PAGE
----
Some factors could influence implant treatment outcome which were not considered in this review. Soft tissue biotype in an influential factor as facial bone loss in thick biotypes is less than 1 mm while it is 1-1.5 mm in thin biotypes . Also, oral hygiene has an important role in the success of dental implant treatment (Serino et al. 2015) which was not considered in included studies. A definitive factor which could influence survival rate of dental implants is smoking. Marginal bone loss has been demonstrated to be more in smokers compared to non-smokers (Vervaeke et al. 2012). It has been stated that survival rate of implant for non-smokers and smokers using flapless technique is 98.9% and 81.2%, respectively . Also, the corresponding numbers for marginal bone loss was 1.2 and 2.6 mm, respectively . However, none of the reviewed studies reported implant treatment outcome in flapped and flapless groups based on smoking of the patients.Finally, the experience of the surgeon also could influence treatment outcome (Cushen and Turkyilmaz 2013) as some surgeons may be more skilful in flapped technique while others may prefer flapless technique.
The results of this review could be interpreted into clinical situations considering the inclusion criteria of the reviewed studies. The results indicated comparable clinical outcome of both techniques. In the included RCTs, the healthy patients who needed implant insertion in alveolar bone without augmentation were enrolled. In these situations, the surgeon is free to choose between both techniques. The results of this review could not be used in cases with compromised conditions, systemic diseases or those with insufficient bone at the recipients site.
The limitations of this systematic review should also be considered. The number of RCTs were low (n=13). Also, the method of the studies including study design, duration and periods of follow ups, protocols for loading dental implants, insertion of dental implants in healed, fresh socket or augmented sites, smoking, and implant site, were different. In addition, included studies assess marginal bone loss by comparing periapical radiographs. However, this technique might not be able to properly show amount of facial bone loss. Finally, this review only included studies in English language and is prone to publication bias.
Considering the limitations of this systematic review, the results could be summarized as follows:
- There was no significant difference in success and survival rate of implants between two techniques except for one study that reported higher success rate in flapless group. Therefore, implant survival rate using flapped and flapless technique is comparable.
- 7 studies reported higher marginal bone loss in flapped groups compared to flapless technique. Three of these studies were RTCs. However, the difference was not significant in 6 studies and four of them RCTs. So, marginal bone loss using flapless technique is similar or less than flapped technique.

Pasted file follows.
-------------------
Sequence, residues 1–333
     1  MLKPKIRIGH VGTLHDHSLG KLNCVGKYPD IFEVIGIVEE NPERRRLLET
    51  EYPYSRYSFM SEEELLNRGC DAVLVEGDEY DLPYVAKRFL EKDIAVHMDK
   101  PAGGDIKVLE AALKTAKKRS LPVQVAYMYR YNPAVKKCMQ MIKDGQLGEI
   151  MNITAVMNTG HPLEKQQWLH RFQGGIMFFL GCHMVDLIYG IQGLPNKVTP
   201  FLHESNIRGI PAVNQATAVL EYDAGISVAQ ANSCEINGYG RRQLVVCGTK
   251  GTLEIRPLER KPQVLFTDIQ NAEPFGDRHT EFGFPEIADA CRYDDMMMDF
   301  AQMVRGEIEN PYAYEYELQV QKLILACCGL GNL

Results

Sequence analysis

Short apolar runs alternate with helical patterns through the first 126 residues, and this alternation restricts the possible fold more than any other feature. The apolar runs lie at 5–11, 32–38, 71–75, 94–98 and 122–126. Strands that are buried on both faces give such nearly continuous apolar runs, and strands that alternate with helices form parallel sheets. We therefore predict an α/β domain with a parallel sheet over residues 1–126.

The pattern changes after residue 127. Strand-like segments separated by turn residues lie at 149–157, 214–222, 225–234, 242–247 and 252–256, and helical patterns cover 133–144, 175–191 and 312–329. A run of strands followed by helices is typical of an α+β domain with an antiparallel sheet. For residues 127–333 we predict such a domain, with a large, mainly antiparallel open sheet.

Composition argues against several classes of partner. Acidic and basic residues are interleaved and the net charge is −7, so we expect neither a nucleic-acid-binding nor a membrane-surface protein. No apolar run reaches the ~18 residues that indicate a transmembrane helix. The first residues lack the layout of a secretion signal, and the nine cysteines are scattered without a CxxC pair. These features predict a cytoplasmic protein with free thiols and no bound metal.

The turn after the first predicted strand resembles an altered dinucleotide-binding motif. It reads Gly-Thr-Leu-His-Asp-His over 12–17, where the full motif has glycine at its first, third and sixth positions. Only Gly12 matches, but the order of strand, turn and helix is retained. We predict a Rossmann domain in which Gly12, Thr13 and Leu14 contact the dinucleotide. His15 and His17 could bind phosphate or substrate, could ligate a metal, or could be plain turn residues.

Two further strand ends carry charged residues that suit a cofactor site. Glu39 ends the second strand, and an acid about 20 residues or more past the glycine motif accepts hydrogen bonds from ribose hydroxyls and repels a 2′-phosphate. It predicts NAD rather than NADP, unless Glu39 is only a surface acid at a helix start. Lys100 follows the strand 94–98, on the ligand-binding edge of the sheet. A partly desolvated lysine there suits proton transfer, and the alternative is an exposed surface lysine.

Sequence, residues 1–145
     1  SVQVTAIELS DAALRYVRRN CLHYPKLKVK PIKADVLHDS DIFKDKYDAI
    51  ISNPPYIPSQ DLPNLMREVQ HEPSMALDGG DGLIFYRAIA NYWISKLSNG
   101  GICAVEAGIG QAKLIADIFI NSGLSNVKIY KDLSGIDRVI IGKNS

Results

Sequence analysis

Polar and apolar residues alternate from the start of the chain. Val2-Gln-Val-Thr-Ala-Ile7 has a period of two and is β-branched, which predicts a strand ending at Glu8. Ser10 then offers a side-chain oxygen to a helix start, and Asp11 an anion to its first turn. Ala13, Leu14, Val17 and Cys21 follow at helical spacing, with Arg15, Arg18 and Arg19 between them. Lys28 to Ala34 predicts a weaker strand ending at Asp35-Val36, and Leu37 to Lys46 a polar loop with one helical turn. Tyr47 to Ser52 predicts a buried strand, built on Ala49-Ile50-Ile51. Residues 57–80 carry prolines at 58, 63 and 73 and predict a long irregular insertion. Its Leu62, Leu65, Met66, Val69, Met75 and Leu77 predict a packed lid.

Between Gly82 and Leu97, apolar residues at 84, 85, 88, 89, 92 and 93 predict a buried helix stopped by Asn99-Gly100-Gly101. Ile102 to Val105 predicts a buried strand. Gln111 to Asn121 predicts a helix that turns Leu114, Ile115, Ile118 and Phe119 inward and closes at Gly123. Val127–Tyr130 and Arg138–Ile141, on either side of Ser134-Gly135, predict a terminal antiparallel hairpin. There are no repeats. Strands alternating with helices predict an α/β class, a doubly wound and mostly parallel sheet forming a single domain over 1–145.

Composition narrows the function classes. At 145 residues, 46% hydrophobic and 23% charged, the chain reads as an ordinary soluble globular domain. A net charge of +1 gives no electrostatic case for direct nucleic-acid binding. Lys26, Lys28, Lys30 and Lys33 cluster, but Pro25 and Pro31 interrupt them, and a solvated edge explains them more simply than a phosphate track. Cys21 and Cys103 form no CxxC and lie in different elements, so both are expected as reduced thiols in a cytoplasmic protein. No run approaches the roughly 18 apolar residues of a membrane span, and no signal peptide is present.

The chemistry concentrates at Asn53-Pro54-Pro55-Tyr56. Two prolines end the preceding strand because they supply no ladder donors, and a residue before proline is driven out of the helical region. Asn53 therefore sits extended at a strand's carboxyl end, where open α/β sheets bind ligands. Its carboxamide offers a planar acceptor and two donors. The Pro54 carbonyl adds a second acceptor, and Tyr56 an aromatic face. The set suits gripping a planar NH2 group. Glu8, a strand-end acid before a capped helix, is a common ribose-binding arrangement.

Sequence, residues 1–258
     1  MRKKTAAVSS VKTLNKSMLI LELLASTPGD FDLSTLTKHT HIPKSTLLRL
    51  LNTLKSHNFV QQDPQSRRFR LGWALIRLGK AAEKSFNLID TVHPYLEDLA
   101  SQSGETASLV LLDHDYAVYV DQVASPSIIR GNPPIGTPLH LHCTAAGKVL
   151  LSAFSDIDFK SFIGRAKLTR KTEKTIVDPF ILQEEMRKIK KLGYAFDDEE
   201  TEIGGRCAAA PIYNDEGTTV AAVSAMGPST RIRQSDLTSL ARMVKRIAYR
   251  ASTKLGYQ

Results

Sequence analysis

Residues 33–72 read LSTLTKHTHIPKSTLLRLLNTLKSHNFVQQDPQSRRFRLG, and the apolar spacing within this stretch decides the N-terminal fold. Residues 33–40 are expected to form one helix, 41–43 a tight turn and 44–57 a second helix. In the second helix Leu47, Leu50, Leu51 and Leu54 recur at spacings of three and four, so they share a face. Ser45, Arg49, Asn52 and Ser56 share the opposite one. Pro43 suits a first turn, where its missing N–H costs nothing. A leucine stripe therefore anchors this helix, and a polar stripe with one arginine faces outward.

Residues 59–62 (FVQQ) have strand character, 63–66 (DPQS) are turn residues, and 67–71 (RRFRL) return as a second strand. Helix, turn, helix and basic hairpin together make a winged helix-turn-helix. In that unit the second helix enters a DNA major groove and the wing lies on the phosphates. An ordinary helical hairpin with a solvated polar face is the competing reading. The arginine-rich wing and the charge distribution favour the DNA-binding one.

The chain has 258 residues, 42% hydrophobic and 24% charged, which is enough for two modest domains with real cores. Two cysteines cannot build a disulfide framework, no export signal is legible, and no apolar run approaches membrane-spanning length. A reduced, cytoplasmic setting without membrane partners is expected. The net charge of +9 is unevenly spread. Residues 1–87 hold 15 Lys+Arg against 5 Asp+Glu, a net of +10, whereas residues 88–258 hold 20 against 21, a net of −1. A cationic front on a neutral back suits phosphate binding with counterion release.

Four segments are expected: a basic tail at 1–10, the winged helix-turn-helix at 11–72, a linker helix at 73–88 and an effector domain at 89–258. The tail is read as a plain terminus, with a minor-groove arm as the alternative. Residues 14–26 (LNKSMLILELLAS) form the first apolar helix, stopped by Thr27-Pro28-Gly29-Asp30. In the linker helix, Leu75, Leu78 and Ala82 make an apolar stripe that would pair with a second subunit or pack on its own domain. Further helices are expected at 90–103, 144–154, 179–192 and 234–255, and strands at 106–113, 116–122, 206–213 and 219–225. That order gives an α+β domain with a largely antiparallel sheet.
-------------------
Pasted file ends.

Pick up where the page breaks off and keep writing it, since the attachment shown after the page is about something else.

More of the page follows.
- Less post-operative pain in flapless group compared to flapped group was reported in 6 RCTs while flapless group had more pain in another RCT. Less oedema in flapless group was reported in a RCT. Therefore, it seems that flapless technique would probably have less post-operative pain and oedema.
- Shorter surgical time using flapless technique was reported in two studies and one RCT.
Further well designed randomized controlled trials should be performed with longer follow ups and larger sample size to further investigate this issue. It is suggested to consider patient hygiene, smoking, soft tissue biotype, previous procedures on the recipient site, protocols for loading dental implants, and implant site. Future studies should be performed to investigate the effect of the aforementioned factors on implant treatment outcome and compare implant success rate, marginal bone loss and rate of complications between flapped and flapless groups considering these factors. Also, it is suggested to perform RCTs measuring amount of facial bone loss using cone beam computed tomography (CBCT) considering ethical issues.
Table 1 Summary of included studies regarding methodology and demographic data
Table 2 Summary of included studies regarding surgical technique
Table 3 Summary of implant treatment outcome of the included studies.
Figure 1 Study search flow diagram
|et al.||And others|
|PICO||Population, Intervention, Comparison, Outcome|
|PRISMA||Preferred Reporting Items for Systematic Reviews and Meta-Analyses|
|RCT||Randomized controlled trail|
|CBCT||Cone beam computed tomography|
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J. W. Goethe University
Frankfurt am Main
This is to certify that the Master thesis of
With the Title
A Systematic Review of Dental Implant Placement with Flapless and Flapped Technique
has been approved by the Examination Committee
for the thesis requirement for the Master of Science
in Oral Implantology
Accredited Tutor (Name of Tutor)
Prof. Dr. J. Pfeilschifter
Dr. P. Weigl